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Messenger: Those on front lines of opioid crisis worried about coronavirus aggravating the battle

Messenger: Those on front lines of opioid crisis worried about coronavirus aggravating the battle

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Percy Menzies, president Assisted Recovery Centers of America

Percy Menzies, president Assisted Recovery Centers of America, or ARCA, talks about the success he's seen using Vivitrol to treat people with opioid addictions at his office in St. Louis on Wednesday, March 29, 2017. Photo by David Carson, dcarson@post-dispatch.com

For several years, Chad Sabora has been on the front lines of what was the crisis of the day — or one of them at least — before the coronavirus pandemic swallowed the nation.

The opioid crisis.

It didn’t go away. In fact, one of the most devastating results of the spread of COVID-19 is that it affects some groups of people in higher proportion who were already struggling.

People without shelter. Others fighting addiction. Folks in jail or prison. Seniors in nursing homes.

“The coronavirus pandemic made an impossible task even more impossible,” says Sabora, co-founder of the Missouri Network for Opiate Reform & Recovery.

Sabora, who has battled his own addiction demons, is worried that the second crisis is going to make the first one worse, and the damage will be hard to see for a while.

Dr. Fred Rottnek shares Sabora’s concerns. Rottnek is the program director of the Addiction Medicine Fellowship at St. Louis University School of Medicine, and he also practices at the Addiction Recovery Centers of America, founded by Percy Menzies.

“If people have substance abuse problems, and they lose their jobs, and are at home isolated, you’re going to be thinking about using all day long,” he says.

The coronavirus pandemic has created a paradox for Menzies and Rottnek.

Both have been at the forefront of trying to unite the medical community and the addiction community toward a solution that makes methadone and buprenorphine (known commercially as Suboxone) more easily available for patients to help them manage their addictions.

In late January, before the pandemic had spread to the U.S., the two men made this point in a letter to the editor in the Post-Dispatch, critical of the state of Missouri for firing its top opioid crisis consultant, Ned Presnall. The Washington University researcher had been pushing the state to change its philosophies and to make access to medicines a more significant part of its strategy.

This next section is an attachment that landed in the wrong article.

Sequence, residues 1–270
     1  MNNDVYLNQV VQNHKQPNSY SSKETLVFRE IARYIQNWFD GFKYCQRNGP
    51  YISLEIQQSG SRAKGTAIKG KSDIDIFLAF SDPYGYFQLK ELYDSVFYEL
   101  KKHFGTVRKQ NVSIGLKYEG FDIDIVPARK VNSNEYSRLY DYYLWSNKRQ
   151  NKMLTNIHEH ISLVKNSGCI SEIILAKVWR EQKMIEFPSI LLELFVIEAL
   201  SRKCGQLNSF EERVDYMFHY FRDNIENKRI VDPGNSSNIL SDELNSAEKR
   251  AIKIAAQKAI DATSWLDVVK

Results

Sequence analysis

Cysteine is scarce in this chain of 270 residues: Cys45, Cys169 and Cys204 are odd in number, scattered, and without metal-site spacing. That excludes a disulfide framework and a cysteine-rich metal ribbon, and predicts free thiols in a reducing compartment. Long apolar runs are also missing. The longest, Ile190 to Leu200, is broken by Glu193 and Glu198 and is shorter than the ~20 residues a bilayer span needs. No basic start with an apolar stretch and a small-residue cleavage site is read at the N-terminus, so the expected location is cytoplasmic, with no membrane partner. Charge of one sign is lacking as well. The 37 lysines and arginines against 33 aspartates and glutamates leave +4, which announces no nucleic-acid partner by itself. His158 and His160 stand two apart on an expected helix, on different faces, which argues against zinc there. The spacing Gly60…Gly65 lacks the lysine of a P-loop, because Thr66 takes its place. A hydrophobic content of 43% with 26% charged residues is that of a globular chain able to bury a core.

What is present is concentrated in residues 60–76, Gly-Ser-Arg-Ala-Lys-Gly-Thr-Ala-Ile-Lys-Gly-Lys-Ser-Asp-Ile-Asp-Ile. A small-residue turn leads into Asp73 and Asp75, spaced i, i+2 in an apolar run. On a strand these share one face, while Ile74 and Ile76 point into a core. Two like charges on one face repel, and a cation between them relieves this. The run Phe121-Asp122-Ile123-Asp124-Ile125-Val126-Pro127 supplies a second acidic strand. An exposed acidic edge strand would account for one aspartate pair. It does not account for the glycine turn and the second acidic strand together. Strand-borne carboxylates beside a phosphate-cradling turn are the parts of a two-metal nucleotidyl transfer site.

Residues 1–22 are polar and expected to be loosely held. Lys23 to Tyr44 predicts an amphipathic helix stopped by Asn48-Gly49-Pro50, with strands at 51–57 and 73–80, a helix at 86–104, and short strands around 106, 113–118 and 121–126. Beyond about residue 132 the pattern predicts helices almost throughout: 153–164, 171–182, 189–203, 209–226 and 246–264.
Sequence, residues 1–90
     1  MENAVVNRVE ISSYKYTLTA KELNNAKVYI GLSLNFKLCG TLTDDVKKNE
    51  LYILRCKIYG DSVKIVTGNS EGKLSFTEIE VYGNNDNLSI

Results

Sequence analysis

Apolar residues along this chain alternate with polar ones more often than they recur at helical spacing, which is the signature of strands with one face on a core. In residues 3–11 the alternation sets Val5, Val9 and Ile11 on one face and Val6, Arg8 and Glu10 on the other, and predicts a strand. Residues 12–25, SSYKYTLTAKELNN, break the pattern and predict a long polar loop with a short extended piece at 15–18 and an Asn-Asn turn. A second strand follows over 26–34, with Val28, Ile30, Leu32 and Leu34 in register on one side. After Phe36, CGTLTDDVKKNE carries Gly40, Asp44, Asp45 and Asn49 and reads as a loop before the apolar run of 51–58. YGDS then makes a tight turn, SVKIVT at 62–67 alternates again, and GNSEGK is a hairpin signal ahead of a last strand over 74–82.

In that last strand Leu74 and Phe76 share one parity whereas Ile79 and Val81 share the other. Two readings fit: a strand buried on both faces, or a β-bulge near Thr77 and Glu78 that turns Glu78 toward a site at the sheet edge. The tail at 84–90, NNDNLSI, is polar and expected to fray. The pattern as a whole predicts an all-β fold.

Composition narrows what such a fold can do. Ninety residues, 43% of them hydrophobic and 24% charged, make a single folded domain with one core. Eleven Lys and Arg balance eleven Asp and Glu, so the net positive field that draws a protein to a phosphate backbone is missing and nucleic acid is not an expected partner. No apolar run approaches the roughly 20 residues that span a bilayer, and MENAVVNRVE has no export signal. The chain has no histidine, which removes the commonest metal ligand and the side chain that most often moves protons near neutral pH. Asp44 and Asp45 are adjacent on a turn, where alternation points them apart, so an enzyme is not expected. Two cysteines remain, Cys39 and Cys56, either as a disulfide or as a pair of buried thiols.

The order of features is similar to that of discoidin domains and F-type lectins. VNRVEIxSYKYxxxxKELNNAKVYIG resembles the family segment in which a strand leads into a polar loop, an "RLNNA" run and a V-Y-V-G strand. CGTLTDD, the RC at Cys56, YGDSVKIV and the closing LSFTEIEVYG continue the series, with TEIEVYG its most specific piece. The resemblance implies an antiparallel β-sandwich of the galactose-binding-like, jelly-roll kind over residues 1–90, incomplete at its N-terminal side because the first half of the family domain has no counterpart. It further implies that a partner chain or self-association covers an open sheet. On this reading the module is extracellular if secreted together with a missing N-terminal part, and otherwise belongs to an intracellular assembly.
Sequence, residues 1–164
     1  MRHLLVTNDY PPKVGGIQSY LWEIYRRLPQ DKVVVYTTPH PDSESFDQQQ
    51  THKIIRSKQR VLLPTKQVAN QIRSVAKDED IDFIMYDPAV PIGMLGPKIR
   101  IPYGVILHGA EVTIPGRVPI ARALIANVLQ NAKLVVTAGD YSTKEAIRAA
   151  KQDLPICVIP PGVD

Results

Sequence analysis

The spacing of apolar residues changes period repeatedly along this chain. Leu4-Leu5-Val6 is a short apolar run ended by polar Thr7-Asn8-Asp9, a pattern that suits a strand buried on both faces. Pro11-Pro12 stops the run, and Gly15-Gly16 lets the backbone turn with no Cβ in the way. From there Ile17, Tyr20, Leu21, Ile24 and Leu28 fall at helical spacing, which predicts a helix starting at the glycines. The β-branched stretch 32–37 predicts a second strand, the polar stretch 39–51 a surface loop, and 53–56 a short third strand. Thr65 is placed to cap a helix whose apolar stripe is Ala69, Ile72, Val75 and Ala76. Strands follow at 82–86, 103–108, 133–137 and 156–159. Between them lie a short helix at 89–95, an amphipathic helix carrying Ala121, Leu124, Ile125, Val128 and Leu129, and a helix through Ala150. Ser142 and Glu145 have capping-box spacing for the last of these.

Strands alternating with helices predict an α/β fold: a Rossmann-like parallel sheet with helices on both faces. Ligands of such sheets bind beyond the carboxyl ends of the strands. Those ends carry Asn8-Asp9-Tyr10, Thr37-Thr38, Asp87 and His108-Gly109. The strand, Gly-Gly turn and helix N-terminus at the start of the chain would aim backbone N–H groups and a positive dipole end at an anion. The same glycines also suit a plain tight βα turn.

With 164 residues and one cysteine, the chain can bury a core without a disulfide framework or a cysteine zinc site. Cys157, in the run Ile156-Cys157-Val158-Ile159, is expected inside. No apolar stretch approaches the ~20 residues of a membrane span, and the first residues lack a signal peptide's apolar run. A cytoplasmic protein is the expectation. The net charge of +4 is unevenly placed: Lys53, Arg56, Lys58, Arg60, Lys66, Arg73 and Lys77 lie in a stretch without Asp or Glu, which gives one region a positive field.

“The restrictions on prescribing methadone and buprenorphine have created barriers for the medical community to get involved,” Menzies and Rottnek wrote. “As a result, less than 20% of the patients needing medications for opioid treatment receive them. Treatment centers providing counseling-only services are increasingly referring patients for medical treatment, and this trend is growing.”

The coronavirus pandemic changed things overnight, but without much planning and foresight.

Because of social distancing requirements, the federal government loosened restrictions on the amount of methadone and Suboxone a patient could get at one time, so they could have more medicines at home. Previously, nearly all methadone treatments had to be given in person.

Now patients are allowed to have a week’s worth of the medication that Rottnek calls “very dangerous.”

“It’s not going to be pretty,” Rottnek says. “All of a sudden you have a highly potent synthetic opioid that is something they could easily overdose on.”

The increased access to Suboxone is less worrisome because it doesn’t lead to overdose deaths in the same way methadone can.

Sabora agrees that there will likely be some methadone overdoses in coming weeks and months. But he thinks the benefits of loosening up access to the drugs will have more value to those battling addiction in the long run.

What he’s more concerned about is the availability of Narcan, the life-saving drug that can reverse the effects of an overdose. Over the past few years, Sabora and others have been successful in getting the drug in widespread use, putting it in the hands of police officers and firefighters and volunteers who come in contact with patients on the street most likely to need it.

Now, like masks and other protective medical equipment, getting it is more difficult. Distributing it to the people who need it, who don’t have access to addiction centers as they used to, is even more difficult.

The crisis is causing Menzies to offer increased telemedicine at his facilities, to try to get as much good information to people battling addiction as he can. But all the men are worried with what comes next.

“There are no easy answers to this,” Menzies says, of dealing with one crisis that is likely to be made worse by another. “I’m very concerned.”

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